Shooting with a 28mm lens means you have to get in closer but can also work more discreetly

I now tend to shoot street photography on a 28mm (equivalent) lens. I may sometimes go up to a 35mm lens but that is as long as I ever go on the street. They’re small, light and very discreet – important when you are attempting to go unnoticed – which couples nicely with either my Olympus cameras, my go everywhere Ricoh GR II or even my old film cameras like an Olympus XA2.

I find a 50mm lens is starting to get a tad too long when working within narrow streets (I like a lot of context to my street work) although it’s said that Henri Cartier-Bresson did shoot most of his work on a 50mm lens.

Certainly beyond a 50mm lens is a definite no-no for me. I want my photos to look like they are there inside the scene. When you shoot longer lenses it’s just standing on the outside looking in. It’s voyeurism rather than street photography.

And lets be honest, it’s too easy and a cop out when you use a long lens to shoot street photography. Add to that, I personally think street photos shot on anything longer than 50mm look rubbish and scream nervous amateur.

As I’ve already said, I want to be continually challenged and work for my street photos. A 28mm lens forces me to get in close and hopefully that means the resulting street image is a real experience.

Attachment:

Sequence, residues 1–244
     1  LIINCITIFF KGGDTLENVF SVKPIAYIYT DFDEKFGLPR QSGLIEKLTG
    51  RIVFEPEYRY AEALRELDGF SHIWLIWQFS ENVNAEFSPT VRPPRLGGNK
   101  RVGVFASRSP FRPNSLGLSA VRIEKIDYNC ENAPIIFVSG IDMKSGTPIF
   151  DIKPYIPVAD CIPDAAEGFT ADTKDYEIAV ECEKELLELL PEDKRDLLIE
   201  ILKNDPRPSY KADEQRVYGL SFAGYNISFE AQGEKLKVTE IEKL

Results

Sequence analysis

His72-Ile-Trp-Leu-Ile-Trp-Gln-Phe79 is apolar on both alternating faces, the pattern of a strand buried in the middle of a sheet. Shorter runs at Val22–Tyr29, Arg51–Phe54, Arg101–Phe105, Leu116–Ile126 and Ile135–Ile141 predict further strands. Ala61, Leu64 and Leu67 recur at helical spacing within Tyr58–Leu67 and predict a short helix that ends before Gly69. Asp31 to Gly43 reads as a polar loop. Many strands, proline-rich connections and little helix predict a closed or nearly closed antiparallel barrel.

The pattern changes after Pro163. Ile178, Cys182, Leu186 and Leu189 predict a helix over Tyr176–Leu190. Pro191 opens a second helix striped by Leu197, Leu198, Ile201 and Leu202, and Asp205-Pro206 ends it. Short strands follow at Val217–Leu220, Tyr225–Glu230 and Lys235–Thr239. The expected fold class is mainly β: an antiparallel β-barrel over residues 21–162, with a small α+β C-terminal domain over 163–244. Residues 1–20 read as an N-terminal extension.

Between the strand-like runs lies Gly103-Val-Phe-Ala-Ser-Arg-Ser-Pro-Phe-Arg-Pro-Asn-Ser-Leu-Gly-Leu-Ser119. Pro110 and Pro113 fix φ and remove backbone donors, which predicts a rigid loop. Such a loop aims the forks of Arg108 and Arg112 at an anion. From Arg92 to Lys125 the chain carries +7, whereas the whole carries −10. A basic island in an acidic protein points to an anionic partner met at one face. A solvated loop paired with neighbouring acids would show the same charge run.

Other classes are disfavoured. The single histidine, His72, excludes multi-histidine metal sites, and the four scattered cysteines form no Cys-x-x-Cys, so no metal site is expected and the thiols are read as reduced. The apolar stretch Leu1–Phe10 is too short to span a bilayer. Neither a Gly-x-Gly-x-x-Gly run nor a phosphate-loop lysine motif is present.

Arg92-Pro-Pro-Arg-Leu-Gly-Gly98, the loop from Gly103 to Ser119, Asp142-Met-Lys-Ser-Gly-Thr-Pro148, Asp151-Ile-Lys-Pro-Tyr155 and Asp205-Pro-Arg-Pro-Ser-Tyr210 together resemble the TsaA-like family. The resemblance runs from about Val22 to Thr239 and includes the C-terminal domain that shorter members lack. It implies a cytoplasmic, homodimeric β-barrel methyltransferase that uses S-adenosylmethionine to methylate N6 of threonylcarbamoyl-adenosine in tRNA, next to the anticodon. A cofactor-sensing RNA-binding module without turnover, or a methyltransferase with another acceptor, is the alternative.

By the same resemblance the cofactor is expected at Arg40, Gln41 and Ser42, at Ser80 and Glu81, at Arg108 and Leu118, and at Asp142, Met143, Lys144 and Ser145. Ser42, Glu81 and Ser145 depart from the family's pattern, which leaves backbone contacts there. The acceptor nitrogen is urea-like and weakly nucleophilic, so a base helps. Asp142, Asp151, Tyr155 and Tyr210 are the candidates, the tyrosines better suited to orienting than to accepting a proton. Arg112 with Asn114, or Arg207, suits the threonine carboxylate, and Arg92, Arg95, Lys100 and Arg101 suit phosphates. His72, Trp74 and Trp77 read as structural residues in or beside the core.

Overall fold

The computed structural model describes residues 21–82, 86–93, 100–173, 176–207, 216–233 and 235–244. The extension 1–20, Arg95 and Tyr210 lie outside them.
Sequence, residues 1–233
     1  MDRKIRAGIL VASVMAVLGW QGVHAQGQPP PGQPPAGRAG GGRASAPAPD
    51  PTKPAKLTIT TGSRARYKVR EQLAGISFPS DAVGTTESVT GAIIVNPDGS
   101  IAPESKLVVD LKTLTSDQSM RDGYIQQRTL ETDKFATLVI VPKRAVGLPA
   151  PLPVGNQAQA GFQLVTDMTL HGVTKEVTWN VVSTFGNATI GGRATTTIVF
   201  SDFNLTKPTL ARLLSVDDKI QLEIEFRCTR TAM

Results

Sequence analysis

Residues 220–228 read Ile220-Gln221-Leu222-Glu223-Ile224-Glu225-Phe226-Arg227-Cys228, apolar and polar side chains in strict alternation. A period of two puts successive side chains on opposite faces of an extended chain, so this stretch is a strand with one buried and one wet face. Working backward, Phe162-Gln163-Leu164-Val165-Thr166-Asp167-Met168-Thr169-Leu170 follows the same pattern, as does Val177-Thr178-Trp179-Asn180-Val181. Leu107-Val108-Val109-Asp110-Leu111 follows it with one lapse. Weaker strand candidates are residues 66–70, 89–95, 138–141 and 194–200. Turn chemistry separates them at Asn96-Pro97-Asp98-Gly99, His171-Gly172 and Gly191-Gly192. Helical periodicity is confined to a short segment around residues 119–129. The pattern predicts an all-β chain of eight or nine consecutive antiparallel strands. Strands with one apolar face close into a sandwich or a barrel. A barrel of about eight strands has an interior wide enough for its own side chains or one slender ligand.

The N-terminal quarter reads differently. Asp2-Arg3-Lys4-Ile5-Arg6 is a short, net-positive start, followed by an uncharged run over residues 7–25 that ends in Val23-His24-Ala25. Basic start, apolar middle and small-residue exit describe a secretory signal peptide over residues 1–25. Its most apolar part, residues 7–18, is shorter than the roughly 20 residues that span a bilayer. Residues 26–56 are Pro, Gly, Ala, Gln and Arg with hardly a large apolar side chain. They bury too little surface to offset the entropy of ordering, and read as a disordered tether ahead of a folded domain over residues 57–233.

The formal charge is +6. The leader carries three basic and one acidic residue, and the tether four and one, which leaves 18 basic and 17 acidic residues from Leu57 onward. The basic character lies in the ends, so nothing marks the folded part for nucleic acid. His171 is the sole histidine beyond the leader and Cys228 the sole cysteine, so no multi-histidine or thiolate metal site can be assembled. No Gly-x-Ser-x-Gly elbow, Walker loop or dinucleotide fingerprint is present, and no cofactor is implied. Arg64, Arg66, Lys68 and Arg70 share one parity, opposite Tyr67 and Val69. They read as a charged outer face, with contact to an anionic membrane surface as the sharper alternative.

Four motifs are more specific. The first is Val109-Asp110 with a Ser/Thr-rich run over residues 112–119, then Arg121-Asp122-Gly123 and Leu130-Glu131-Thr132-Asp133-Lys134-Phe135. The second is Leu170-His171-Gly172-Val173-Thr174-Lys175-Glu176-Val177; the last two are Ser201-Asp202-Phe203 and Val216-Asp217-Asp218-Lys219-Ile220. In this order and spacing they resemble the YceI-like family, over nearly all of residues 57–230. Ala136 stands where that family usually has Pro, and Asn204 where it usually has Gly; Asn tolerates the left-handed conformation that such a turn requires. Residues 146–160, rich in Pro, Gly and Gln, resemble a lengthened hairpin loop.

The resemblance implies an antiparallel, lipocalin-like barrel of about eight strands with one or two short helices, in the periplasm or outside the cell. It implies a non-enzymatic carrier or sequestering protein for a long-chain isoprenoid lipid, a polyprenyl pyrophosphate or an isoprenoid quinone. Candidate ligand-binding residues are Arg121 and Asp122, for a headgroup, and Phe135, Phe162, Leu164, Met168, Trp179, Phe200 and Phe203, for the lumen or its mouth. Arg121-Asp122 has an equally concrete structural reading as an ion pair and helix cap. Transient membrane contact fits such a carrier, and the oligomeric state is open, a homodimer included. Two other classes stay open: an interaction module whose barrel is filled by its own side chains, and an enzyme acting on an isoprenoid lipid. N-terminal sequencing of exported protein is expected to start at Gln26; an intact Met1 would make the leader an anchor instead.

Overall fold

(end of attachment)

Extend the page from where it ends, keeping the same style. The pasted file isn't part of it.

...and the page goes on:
So I never go 50mm or more when shooting on the street.

#3 Random Expectations

Street photography of a pink giraffe balloon on Regent Street, London
Look for a moment that transcends the ordinary.

So what do I mean when I say I always avoid random expectations? As I said in my previous post about what street photography means to me, when I’m shooting street photos I’m looking for something that transcends the everyday for a moment. Something unexpected and unusual.

Random shots of people just walking on the street is exactly what you expect to see on the street. People doing what you expect in any given situation is what you see 99.9% of time in average and poor street photos. You could simply set a camera up on a tripod and randomly set it to trigger every few seconds and get lots of photos of people just passing by. I’ve seen some street photography portfolios that look exactly like that.

For me, the skill (dare I say challenge again) is getting something unusual. Something you don’t expect or different from the norm. Something you can’t double back a few seconds later and get again.